44 207 829 8773 ,
                J Neurol
                J. Neurol
                Journal of Neurology
                Springer Berlin Heidelberg (Berlin/Heidelberg )
                2 July 2016
                2 July 2016
                : 263
                : 11
                : 2339-2354
                [1 ]Department of Neurodegenerative Disease, Dementia Research Centre, UCL Institute of Neurology, University College London, Queen Square, London, WC1N 3BG UK
                [2 ]Department of Neuro-otology, National Hospital for Neurology and Neurosurgery, Queen Square, London, UK
                [3 ]UCL Ear Institute, University College London, London, UK
                [4 ]Cognitive Disorders Clinic for the Deaf, National Hospital for Neurology and Neurosurgery, Queen Square, London, UK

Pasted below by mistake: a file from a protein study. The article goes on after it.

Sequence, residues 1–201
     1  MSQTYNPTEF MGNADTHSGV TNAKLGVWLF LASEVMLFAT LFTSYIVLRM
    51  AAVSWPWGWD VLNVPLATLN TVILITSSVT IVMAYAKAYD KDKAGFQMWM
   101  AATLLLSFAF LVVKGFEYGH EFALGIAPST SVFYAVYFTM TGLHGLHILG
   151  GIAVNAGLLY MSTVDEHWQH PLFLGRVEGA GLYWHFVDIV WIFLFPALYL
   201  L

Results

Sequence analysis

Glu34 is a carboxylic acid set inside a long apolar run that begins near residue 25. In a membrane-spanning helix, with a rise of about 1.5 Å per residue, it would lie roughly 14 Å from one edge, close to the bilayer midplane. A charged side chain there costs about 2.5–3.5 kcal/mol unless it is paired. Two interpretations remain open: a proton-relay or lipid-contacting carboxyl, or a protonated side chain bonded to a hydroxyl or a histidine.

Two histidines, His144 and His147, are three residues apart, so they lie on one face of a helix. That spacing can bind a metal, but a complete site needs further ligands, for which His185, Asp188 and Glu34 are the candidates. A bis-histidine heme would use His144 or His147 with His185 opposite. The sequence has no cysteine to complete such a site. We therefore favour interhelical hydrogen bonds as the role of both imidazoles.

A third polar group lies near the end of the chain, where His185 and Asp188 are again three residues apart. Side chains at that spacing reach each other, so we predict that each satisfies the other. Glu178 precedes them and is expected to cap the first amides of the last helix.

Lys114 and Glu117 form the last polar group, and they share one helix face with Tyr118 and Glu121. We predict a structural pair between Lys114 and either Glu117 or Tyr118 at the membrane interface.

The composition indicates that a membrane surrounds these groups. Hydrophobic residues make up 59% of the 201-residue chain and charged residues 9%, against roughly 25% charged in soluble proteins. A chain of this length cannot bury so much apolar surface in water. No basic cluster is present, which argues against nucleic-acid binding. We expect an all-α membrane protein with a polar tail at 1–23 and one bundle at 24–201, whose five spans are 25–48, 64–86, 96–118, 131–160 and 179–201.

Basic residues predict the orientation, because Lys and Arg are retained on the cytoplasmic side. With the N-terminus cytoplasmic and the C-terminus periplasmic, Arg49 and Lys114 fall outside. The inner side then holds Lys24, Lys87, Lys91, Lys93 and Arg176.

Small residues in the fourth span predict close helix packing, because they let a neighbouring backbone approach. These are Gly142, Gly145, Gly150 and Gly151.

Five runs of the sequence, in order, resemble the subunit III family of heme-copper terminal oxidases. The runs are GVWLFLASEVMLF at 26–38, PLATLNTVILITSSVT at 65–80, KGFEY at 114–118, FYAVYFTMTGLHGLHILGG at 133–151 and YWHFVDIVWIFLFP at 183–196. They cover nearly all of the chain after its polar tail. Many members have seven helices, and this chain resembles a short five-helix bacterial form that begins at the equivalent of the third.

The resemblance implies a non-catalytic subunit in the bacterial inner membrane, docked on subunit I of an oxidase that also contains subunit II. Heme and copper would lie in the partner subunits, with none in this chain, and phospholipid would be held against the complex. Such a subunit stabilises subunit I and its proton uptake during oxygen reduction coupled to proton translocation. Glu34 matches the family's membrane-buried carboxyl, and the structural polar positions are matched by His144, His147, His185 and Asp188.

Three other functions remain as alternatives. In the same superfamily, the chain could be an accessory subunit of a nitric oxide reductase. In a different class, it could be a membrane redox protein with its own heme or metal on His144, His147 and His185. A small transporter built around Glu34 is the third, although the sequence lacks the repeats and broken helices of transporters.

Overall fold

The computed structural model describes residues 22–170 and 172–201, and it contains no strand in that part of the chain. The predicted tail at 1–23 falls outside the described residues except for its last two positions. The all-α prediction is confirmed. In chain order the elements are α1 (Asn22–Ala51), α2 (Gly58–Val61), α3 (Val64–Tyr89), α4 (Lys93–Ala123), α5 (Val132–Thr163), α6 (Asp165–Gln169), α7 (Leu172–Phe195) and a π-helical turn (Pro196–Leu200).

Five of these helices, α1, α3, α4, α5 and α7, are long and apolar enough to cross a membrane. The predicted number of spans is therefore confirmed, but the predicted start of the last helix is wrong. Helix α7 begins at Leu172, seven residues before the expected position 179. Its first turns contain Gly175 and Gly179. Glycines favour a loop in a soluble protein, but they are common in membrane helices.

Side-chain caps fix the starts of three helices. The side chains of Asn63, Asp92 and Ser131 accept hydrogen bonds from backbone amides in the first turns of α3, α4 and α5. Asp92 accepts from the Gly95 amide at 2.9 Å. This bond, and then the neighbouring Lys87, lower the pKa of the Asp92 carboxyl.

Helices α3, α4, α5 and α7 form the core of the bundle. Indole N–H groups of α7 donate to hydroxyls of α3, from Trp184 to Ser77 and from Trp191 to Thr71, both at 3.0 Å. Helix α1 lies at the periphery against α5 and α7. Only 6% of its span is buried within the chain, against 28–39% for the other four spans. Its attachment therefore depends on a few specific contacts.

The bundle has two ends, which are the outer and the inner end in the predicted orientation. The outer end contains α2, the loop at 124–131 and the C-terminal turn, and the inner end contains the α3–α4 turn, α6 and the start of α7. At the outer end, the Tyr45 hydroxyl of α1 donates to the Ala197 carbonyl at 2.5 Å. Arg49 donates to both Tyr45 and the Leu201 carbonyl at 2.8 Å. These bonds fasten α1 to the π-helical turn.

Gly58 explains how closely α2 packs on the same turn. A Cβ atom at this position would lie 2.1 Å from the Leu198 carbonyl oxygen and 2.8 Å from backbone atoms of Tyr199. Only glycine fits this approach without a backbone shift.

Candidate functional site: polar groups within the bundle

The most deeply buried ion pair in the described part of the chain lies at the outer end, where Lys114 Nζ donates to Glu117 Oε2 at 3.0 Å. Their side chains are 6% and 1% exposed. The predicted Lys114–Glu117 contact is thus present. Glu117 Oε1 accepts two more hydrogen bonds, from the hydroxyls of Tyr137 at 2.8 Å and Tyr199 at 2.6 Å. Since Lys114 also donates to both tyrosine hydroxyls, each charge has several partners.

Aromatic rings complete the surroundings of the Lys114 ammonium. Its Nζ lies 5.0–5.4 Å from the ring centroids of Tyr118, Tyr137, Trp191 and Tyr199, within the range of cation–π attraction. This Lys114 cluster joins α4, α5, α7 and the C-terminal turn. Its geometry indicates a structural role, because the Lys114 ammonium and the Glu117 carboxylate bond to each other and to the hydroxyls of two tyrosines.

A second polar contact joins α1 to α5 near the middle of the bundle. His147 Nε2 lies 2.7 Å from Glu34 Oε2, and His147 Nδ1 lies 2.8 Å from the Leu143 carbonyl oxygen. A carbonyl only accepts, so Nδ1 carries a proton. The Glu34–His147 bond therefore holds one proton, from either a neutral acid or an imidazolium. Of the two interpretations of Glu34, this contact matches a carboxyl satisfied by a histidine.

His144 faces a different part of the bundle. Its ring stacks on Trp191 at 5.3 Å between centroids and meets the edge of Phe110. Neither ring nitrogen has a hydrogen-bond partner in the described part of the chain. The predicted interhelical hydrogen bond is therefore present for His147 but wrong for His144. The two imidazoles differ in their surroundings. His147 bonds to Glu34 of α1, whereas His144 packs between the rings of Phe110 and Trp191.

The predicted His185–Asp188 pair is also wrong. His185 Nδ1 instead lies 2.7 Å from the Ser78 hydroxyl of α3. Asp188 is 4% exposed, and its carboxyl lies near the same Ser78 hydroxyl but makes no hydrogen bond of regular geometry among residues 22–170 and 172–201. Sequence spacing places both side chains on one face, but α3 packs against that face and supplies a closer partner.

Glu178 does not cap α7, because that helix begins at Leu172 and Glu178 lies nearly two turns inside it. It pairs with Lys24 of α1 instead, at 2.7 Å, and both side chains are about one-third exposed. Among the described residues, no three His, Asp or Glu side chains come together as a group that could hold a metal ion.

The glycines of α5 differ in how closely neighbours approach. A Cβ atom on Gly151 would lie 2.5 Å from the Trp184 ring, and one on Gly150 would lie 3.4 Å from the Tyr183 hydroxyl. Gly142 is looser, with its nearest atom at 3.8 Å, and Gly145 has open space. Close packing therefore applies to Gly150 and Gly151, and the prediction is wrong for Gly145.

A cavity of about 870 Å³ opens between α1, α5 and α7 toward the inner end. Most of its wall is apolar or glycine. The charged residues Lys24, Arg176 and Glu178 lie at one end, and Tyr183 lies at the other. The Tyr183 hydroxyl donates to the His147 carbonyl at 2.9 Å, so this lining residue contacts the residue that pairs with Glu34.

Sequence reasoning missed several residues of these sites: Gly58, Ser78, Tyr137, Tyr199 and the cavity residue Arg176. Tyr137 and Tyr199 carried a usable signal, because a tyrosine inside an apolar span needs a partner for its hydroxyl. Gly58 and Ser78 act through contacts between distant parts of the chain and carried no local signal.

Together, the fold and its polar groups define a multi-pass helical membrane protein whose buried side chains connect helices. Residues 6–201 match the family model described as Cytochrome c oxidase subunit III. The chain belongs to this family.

[5 ]Auditory Group, Institute of Neuroscience, The Medical School, University of Newcastle upon Tyne, Newcastle upon Tyne, UK
                [6 ]Central Auditory Disorders Clinic, National Hospital for Neurology and Neurosurgery, Queen Square, London, UK
                © The Author(s) 2016

                Open AccessThis article is distributed under the terms of the Creative Commons Attribution 4.0 International License (, which permits unrestricted use, distribution, and reproduction in any medium, provided you give appropriate credit to the original author(s) and the source, provide a link to the Creative Commons license, and indicate if changes were made.

                Funded by: FundRef, Wellcome Trust;
                Award ID: 091673/Z/10/Z
                Award Recipient :
                Neurological Update
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                © Springer-Verlag Berlin Heidelberg 2016